Object tracking is a substantial task for many computer vision applications such as human-computer interaction, automatic scene analysis, or action recognition.
Single object tracking can take place at different levels of granularity (see Figure 1), ranging from single bounding-box estimates (top), articulated pose estimation with a few parts (center), up to dense deformable models with hundreds of parts (bottom).
The part-based tracking problem leads to (discrete-)continuous models with a large number of variables and highly non-convex objective functions. Modeling and inference in this domain still remains challenging.
We use Probabilistic Graphical Model representations to solve the part-based object tracking task. Relationships between the parts are described by a factor graph. The (continuous) random variables encode the pose (x,y-location, orientation, and scale) for each part. We use stochastic inference techniques (see below) to solve the challenging non-convex problems.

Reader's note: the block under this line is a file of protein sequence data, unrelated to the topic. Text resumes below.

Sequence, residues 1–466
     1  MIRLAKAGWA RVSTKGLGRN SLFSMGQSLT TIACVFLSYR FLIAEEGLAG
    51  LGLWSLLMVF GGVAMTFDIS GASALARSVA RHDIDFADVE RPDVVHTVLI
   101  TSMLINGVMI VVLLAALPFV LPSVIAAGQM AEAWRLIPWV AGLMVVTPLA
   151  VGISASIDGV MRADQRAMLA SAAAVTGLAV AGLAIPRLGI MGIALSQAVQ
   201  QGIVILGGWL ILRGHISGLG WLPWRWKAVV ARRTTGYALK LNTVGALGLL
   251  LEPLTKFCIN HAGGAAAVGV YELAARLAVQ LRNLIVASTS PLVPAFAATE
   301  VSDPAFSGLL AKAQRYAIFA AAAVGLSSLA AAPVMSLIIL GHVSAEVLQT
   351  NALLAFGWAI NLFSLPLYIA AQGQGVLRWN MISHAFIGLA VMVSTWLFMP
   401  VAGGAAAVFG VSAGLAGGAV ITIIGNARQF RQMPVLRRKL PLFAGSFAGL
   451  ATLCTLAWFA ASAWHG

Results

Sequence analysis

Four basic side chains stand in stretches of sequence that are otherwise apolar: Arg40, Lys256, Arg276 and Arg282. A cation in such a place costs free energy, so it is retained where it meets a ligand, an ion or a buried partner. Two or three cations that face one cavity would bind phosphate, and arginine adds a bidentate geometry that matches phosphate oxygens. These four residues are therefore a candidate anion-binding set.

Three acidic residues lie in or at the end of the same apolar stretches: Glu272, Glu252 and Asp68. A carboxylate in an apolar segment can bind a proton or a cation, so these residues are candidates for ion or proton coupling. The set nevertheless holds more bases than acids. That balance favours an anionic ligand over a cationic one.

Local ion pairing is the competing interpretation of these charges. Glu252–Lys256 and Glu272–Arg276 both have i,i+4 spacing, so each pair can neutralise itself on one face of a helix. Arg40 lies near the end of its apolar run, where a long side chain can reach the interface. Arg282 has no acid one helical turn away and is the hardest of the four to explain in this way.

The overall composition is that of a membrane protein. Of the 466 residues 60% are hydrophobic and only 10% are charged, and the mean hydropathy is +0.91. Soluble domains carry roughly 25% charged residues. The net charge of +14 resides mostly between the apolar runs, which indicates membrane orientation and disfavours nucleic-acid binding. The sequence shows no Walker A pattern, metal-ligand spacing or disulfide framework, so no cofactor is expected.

|Figure 2: Tracking results.|
We use a stochastic inference technique to solve the relational feature tracking problem.
As opposed to standard stochastic MRF inference techniques based on Metropolis-Hastings sampling or other heuristic proposal generators, we propose to use an efficient slice sampling approach which leads to a shorter burn-in period without sample rejection (see our slice-sampling paper).